The Stacks project

Lemma 33.43.5. Let $k$ be a field. Let $X$ be a proper curve over $k$ with generic point $\xi $. Let $\mathcal{E}$ be a locally free $\mathcal{O}_ X$-module of rank $n$ and let $\mathcal{F}$ be a coherent $\mathcal{O}_ X$-module. Then

\[ \chi (X, \mathcal{E} \otimes \mathcal{F}) = r \deg (\mathcal{E}) + n \chi (X, \mathcal{F}) \]

where $r = \dim _{\kappa (\xi )} \mathcal{F}_\xi $ is the rank of $\mathcal{F}$.

Proof. Let $\mathcal{P}$ be the property of coherent sheaves $\mathcal{F}$ on $X$ expressing that the formula of the lemma holds. We claim that the assumptions (1) and (2) of Cohomology of Schemes, Lemma 30.12.6 hold for $\mathcal{P}$. Namely, (1) holds because the Euler characteristic and the rank $r$ are additive in short exact sequences of coherent sheaves. And (2) holds too: If $Z = X$ then we may take $\mathcal{G} = \mathcal{O}_ X$ and $\mathcal{P}(\mathcal{O}_ X)$ is true by the definition of degree. If $i : Z \to X$ is the inclusion of a closed point we may take $\mathcal{G} = i_*\mathcal{O}_ Z$ and $\mathcal{P}$ holds by Lemma 33.32.3 and the fact that $r = 0$ in this case. $\square$


Comments (3)

Comment #4619 by on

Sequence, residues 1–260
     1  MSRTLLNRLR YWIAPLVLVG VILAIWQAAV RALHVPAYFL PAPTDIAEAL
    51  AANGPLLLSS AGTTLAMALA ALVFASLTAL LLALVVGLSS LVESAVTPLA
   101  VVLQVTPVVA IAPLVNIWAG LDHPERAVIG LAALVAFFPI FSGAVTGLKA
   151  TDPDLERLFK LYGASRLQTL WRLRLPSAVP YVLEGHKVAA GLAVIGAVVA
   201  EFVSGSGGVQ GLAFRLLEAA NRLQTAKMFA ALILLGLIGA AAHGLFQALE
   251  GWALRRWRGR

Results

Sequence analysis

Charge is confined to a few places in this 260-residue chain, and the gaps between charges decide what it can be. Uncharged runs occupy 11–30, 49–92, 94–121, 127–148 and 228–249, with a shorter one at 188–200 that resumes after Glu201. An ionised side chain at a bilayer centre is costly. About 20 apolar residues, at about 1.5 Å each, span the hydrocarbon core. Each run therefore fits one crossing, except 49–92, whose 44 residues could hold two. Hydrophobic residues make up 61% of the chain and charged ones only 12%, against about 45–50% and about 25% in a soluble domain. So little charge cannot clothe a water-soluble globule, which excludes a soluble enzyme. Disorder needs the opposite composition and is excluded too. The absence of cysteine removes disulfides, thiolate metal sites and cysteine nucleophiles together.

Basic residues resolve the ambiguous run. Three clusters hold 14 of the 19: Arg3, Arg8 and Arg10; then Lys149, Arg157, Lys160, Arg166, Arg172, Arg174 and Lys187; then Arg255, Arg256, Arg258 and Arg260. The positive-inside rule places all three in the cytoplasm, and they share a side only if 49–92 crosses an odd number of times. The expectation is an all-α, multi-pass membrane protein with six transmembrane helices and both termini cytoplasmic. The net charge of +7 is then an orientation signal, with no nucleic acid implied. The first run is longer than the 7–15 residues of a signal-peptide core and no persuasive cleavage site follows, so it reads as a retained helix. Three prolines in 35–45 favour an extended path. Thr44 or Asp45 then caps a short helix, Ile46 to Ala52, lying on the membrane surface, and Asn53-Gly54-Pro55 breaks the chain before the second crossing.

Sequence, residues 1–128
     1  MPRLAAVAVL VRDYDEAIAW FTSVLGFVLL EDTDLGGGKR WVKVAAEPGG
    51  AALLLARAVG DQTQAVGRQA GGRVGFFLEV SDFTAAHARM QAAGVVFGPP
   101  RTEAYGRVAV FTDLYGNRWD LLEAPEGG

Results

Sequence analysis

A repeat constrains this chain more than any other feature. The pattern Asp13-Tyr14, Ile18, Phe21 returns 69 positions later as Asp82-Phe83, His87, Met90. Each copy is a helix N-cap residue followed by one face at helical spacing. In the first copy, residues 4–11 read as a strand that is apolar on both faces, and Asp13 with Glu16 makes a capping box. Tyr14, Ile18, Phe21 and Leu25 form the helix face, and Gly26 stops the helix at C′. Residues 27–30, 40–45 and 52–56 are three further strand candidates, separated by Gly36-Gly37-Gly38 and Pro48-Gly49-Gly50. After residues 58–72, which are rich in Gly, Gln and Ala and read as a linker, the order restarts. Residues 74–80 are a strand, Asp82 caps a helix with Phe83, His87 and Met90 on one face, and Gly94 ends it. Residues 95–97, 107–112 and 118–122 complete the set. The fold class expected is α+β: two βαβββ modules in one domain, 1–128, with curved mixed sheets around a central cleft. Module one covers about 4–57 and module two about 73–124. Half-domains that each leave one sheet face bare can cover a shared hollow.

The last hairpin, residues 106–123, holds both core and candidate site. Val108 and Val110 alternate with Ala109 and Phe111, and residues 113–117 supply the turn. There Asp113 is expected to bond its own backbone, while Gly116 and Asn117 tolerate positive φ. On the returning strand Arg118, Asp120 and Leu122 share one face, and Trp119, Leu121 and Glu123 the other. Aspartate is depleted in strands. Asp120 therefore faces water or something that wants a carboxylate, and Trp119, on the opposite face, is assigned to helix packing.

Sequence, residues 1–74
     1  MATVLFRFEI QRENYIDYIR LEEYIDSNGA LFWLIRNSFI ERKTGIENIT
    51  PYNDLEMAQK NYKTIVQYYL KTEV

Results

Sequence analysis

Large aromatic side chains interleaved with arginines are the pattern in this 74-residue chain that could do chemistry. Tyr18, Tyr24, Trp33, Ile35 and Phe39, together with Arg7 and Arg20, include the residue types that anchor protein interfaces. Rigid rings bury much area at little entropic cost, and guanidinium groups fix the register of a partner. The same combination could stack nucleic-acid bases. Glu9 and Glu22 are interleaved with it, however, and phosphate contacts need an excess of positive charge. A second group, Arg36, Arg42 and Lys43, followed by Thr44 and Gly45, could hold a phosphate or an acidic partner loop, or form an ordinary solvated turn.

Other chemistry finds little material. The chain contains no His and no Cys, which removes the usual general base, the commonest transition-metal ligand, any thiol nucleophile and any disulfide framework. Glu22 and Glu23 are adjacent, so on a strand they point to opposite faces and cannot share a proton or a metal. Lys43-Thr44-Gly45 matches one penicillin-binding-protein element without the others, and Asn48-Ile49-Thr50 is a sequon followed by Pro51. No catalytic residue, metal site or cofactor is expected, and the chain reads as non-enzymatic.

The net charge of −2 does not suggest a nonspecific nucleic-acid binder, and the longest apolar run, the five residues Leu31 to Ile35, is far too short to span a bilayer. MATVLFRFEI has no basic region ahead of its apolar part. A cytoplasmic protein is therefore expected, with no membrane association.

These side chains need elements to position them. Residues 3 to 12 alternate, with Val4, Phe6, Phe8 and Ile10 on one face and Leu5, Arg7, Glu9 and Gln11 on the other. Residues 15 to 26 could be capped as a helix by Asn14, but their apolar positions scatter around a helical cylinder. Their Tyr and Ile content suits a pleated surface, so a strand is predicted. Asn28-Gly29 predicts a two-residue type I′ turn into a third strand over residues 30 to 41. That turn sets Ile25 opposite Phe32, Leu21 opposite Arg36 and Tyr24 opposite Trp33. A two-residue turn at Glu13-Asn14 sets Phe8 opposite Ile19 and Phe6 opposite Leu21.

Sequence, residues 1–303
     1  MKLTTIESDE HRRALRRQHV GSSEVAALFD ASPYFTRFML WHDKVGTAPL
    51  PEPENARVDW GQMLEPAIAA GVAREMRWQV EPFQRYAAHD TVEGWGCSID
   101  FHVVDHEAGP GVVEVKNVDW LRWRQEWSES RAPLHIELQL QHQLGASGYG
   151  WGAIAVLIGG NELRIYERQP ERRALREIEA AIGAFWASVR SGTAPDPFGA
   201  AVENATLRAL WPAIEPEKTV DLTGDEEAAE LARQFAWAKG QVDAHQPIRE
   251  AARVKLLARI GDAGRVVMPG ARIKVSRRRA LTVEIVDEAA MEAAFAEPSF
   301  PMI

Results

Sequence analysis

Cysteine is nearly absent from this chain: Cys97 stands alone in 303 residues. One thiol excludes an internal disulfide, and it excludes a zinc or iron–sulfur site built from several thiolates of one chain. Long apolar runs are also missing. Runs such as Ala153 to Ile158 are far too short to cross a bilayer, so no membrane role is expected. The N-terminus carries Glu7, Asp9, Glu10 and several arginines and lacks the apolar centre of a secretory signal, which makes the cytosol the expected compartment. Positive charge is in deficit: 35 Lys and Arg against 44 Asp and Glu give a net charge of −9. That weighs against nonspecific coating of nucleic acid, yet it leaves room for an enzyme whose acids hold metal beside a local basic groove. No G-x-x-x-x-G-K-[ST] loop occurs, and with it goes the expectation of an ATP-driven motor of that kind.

Since is a curve and is the generic point, we have and we have .

Comment #4622 by Raffaele Carbone on

Are you assuming any reducedness?

Comment #4625 by on

You can search the Stacks project for the key words "curve definition" (don't use the quotes) and then you will find Definition 33.42.1. You may have to do this several times. For example the definition of a curve refers to a variety which is defined in Definition 33.3.1. The definition of a variety refers to the notion of an integral scheme which is defined in Definition 28.3.1. This in turn relies on knowing what an integral domain is, see Definition 9.2.2. Since a nilpotent element of a ring is a zerodivisor, you conclude that integral schemes are reduced. Also, if you search for "integral reduced scheme" (don't use the quotes), then you will find Lemma 28.3.4. So, yes! I also hope this will help you and others answer similar questions.

PS: Most algebraic geometers would define a curve either as is done in the Stacks project or as what in the Stacks project would be called a geometrically integral curve.

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  • 2 comment(s) on Section 33.43: Degrees on curves

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